Whenever I think of the word ‘peace,’ I think of my college Women’s Studies class in which we discussed women who are victims of domestic violence. Just because they don’t make noise about their oppression and look peaceful on the outside, that doesn’t mean they or their relationship are at peace. I learned from that class that true peace cannot be achieved without justice.
Ezekiel 34:11-16, 20-24/ Psalm 100/ Matthew 25:31-46
What Kind of Reign?
King Arthur and His Round Table
When I was 17, I went to university to study French language and literature. That is when I studied the legend of King Arthur because there was an old French writer who collected King Arthur’s stories; that is how King Arthur’s legend became an important part of the history of the French literature, as well as of the English literature. I have a little embarrassing confession to make at this point; because of my studies of French literature, I thought King Arthur was French.
Anyway, the reason why I am starting today’s message with King Arthur is because of his famous round table. The Round Table of Arthur and his knights is a symbol of a non-authoritarian reign. We celebrate today as the Reign of Christ Sunday and our mind goes to God or Jesus ruling over us. But the question we should ask is, “What kind of a reign are we talking about?” Some rulers in history have been tyrants and some have been benevolent and just. So what kind of a reign is the reign of Christ?
I am starting today’s message with a show and tell. These are some of my saints cards. This is St. Thomas Aquinas, the great early church theologian. This is St. Ignatius of Loyola, who founded the Jesuits. This is St. Francis of Assisi, who needs little introduction. This is St. Maximilian Kolbe, who volunteered to die instead of a family man in Auschwitz. This is St. Cecilia, the patron saint for musicians.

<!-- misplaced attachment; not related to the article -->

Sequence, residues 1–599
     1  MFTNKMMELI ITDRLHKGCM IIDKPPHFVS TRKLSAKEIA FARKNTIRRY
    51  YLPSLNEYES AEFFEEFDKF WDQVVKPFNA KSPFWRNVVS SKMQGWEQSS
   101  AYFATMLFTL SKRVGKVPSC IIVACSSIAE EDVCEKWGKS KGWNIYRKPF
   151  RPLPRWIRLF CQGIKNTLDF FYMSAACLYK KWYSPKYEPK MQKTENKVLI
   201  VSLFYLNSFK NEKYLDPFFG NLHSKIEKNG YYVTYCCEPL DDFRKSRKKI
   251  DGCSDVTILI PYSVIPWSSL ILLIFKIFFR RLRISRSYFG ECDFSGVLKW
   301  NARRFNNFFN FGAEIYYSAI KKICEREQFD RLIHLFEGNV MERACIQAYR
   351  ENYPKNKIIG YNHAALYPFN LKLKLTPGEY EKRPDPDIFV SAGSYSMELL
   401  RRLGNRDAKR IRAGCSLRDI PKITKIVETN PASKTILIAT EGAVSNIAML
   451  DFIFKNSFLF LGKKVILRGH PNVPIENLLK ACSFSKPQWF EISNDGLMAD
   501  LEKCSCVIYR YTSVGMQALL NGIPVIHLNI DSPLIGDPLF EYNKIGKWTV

I like learning about the saints of the Catholic Church, not because I pray to them like the Catholics, but because they are role models for people of faith. There are also other great people of faith in history who inspire me. John Wesley, the father of the Methodist Church, is one of my favorite people of faith in history.
I remember vaguely what I learned in my Church History class about the Tudor England converting to Protestantism. We know the gist: Martin Luther happened in Germany, a lot of people followed the Reformation movement, in England, King Henry VIII denounced Catholicism to give himself a divorce from the first wife who failed to give him a male heir, his heir King Edward continued to turn his country protestant, the next Ruler, Queen Mary turned the country back to Catholicism, and her heir, Queen Elizabeth I established the Church of England, a.k.a. the Anglican Church. One thing I remember from my Church History class about this is how Elizabeth chose the “middle of the way” solution to offend fewer people.
Did you have a good Thanksgiving? Did you cook a traditional turkey dinner? We tried something different this year. In our effort to contribute to undoing the climate crisis, we cooked our first vegan Thanksgiving dinner. We are not turning 100% vegan; we are just trying to eat less meat and dairy.
Food is essential to life, both for the bodies of animals and plants, but also for the health of our planet. Our planet is affected by what we grow and eat. Food is also essential for celebration. That is why we have holiday dinners. Food is so essential that those who don’t have access to enough food suffer and die.
Deuteronomy 8:7-18/ 2 Corinthians 9:6-15/ Luke 17:11-19
Thanksgiving as a Lifestyle